Budget measures will ‘crush’ middle classes - Paddy Cosgrave
Web Summit chief accuses Fine Gael of ‘looting business people’
Paddy Cosgrave: “Fine Gael used to be the business party but now they are looting business people”. Photograph: Dara Mac Dónaill
“I struggle to understand why Fine Gael is attacking its own electoral base and impoverishing the children of that base,” he said, referring to a series of budgetary measures announced this week.
In conversation with The Irish Times after holding a press conference to discuss future plans for the Web Summit, Mr Cosgrave said he hoped the new measures were due to “blind idiocy,’ rather than being the result of “someone getting paid off somewhere”.
He criticised in particular the decision to give uncapped mortgage deductibility to landlords.
“Not even Donald Trump dared to go that far in his giveaway to the 1 per cent,” he added.
Mr Cosgrave, a long-time critic of the Government’s attempts to resolve the housing crisis, said the mortgage deductibility measure was nothing more than a “tax break for the super rich.”
While the Web Summit founder has himself been criticised for his intervention into the housing crisis, he said it was amoral not to speak out on the issue when he was in a position to do so. He added that the housing problem was a sign of the State being run ineffectively.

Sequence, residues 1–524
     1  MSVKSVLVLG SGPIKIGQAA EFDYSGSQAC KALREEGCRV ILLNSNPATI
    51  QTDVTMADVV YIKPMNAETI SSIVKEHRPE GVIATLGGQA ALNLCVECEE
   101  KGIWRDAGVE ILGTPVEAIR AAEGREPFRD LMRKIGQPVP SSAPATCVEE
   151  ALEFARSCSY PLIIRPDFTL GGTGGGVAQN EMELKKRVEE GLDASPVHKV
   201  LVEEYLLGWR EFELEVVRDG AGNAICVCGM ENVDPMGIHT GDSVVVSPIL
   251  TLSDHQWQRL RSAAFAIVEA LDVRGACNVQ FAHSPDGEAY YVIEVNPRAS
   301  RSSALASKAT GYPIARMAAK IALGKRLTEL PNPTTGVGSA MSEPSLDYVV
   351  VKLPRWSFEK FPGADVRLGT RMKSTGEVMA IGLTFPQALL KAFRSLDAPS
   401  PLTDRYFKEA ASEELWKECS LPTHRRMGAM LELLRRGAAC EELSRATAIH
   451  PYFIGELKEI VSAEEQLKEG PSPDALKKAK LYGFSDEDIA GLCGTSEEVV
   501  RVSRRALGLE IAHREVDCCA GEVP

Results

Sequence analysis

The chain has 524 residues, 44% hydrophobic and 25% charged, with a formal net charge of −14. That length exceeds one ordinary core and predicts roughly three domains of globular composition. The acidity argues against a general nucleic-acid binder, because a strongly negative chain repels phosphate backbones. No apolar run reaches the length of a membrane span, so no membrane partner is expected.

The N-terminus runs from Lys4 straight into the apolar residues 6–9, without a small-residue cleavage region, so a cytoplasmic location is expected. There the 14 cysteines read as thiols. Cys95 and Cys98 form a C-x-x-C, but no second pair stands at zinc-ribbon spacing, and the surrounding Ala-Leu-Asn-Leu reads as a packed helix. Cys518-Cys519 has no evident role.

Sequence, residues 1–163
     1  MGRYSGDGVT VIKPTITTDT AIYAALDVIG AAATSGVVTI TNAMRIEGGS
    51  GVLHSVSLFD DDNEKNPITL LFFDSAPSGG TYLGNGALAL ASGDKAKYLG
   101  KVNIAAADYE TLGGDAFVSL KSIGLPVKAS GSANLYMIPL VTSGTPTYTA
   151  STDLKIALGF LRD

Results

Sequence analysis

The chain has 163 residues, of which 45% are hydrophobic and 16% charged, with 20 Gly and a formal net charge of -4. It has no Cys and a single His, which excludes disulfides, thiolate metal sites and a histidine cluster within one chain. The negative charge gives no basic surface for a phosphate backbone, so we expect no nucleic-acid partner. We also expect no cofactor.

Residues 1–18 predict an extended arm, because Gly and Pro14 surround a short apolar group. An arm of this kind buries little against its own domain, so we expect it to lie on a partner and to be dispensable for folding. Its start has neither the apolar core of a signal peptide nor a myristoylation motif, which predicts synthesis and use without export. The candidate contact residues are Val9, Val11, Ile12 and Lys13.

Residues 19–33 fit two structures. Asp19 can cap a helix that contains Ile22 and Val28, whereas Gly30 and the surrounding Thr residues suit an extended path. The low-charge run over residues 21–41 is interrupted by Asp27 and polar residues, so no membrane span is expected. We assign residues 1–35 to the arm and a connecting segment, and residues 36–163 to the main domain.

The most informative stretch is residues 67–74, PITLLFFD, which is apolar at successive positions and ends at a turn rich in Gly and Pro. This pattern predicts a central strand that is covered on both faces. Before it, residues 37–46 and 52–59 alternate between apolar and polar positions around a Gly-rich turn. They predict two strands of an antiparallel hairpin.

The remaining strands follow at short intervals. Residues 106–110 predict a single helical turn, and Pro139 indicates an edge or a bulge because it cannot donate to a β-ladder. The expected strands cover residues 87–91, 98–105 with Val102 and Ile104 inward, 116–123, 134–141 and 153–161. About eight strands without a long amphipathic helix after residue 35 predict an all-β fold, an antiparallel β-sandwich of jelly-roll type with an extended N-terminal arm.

“If you want to run a country efficiently then the last thing you want to do is to enable people to put their hands in the till,” he said.
“Fine Gael used to be the business party but now they are looting business people,” Mr Cosgrave added.
The Web Summit chief executive also called for reform of Irish libel laws, claiming that the regulations are outdated and are holding back journalists from reporting on critical issues effectively.
Commenting on the €110 million deal announced last week in which the Web Summit is to remain in Lisbon until 2028, Mr Cosgrave said Berlin and Madrid were also in close contention to be host cities for the technology conference.
He said that under the agreement, the Portuguese Government would build the equivalent of ten Dublin convention centres in addition to current facilities. This would enable the conference to expand further.
Mr Cosgrave, who has previously insisted that Web Summit is a technology, rather than just an events company, confirmed the it was considering selling its solutions into other industries.
“Every time we hold an event we are inundated with offers from others but my key priority is to stay focused and grow the company right now,” he said.
The company, which returned to its home city earlier this year with MoneyConf, would also consider hosting more events in Dublin in the future, he added.
Web Summit began in Ireland in 2009 with fewer than 400 attendees but left Dublin under controversial circumstances three years ago. The company, which now employs more than 200, most of them in Ireland, expects more than 70,000 to attend its flagship event in November.